Tag Archives: Geology


    Did you know that Lake Vyrnwy covers and is surrounded by rocks up to seven times older than the famous Tyrannosaurus rex dinosaur, who lived and died some 66 million years ago? That means that the bedrock that surrounds Vyrnwy was formed between 455 and 431 million years ago, during the Ordovician and Silurian periods.


    The rocks are mostly composed of petrified sand and mud, and so they are sandstones and mudstones. They were originally deposited in a deep sea environment. Sand and mud derived from the continent were fed into the sea, from which they were remobilized and transferred towards the deep waters. The sediments slid down the marine slope forming a turbidity current, a mixture of sand, mud and entrained water that travels stuck to the basin floor because of its high density in comparison to the surrounding waters. A turbidity flow has many similarities with snow avalanches. Avalanches are made of a mixture of snow particles (comparable with the sand and mud in a turbidity current) and entrained air (comparable to the water), that due to their higher density with respect to the atmospheric air travel at high velocities stuck to the mountain slope (i.e. marine slope) towards the valleys (i.e. lowermost part of the marine basin, where turbidity currents deposit their sediment load). Once the dip of the slope decreased, so did the velocity of the sediment mixture, and as a consequence, the ability of the water to transport coarse grains was increasingly compromised. That is why the sand was usually deposited first, within seconds, while the mud remained suspended in the water several hours or even days because of its smaller size, after which they covered the sands with a homogeneous bed. This process, repeated over time millions of years, has produced a characteristic alternation of sandstone and mudstone layers known altogether as turbidites. Each sandstone-mudstone pair was derived from a single turbidity current, and thus reminds us that geological processes are not always that slow, and can generate visible features within a few hours.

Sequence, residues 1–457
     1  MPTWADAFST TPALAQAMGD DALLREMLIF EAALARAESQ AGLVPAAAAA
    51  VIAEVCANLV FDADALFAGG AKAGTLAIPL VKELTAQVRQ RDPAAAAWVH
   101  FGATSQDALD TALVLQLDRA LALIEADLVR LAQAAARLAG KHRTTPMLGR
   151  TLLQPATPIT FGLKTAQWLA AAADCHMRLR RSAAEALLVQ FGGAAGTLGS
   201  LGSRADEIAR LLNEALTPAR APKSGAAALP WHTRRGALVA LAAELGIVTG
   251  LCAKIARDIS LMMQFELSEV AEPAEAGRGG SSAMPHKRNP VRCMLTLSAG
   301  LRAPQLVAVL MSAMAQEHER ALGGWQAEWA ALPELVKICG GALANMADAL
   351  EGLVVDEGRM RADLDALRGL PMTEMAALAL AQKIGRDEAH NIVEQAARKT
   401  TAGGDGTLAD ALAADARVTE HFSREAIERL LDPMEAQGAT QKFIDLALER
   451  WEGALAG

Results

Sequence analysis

Intercalated within these sediments is a characteristic interval that was deposited as a result of a catastrophic event. Four hundred and fifty-five million years ago, an explosive volcano blew up expelling an ash-cloud that generated a pyroclastic flow composed of fine-grained volcanic fragments with entrained hot air that allowed their transport at fast velocities. This flow was likely similar to the one that buried the Roman city of Pompeii in AD 79, destroying everything on its way. The flow entered the sea, where it was deposited interbedded in between the Ordovician turbidites. A close look at these rocks, known as tuff and characterised by a massive appearance and light-grey colour, can be obtained on the road midway from Llanwddyn and the Lake Vyrnwy dam.

    The rocks were deformed during the collision of the ancient continent of Laurentia (North America) with the Avalonia microcontinent (Wales and England, among other areas such as SW Portugal and Spain), which led to the Caledonian Orogeny. The collision started in the late Silurian (some 420 million years ago) and finished in the mid-Devonian (390 million years). As a result, the rocks that are found today at lake Vyrnwy were folded forming an anticline, a concave down structure that causes the rock strata to dip towards the northwest in the area. As a consequence of their inclination, the rocks in the valley get progressively younger from the Lake Vyrnwy dam towards the west and northwestern bank. Unfortunately, the majestic forests that surround the lake don’t allow an easy recognition of the deformed rocks, though occasional outcrops can be seen along the road and on the higher mountain areas, where the vegetation cover grows scarcer.

    After that, no record of the complex geological times that followed is preserved in the Lake Vyrnwy environment. At least, not until very ‘recent’ times. During the period known as Quaternary, which includes the last 2.6 million years, numerous glaciers covered the Welsh landscape. Frozen water moving very slowly for thousands of years eroded the landscape away, leaving evidences of their cold presence in the Vyrnwy area. One of them is the valley itself that hosts the Lake Vyrnwy, which was carved in the hard Ordovician and Silurian bedrock by the advancing glacial ice. Upon its melting during the last 100,000 years, the sediments contained in the ice were concentrated and deposited on the lower part of the valley, forming a thin veneer of sediments known as glacial till. These deposits, characterised by rock clasts of different lithologies, shapes and sizes embedded in a fine-grained matrix, cover the lowermost part of the valley in the northeastern bank, where they can be usually recognized by the greener meadows that grow on top of them.

Now that you know a bit more of the geology of Lake Vyrnwy, what about a walk enjoying the wonders of the four-hundred-million-year-old beautiful environment that surrounds Lake Vyrnwy Hotel & Spa? Don’t get too lost in time!

Manuel I. de Paz , PhD student University of Oviedo, for LVH&S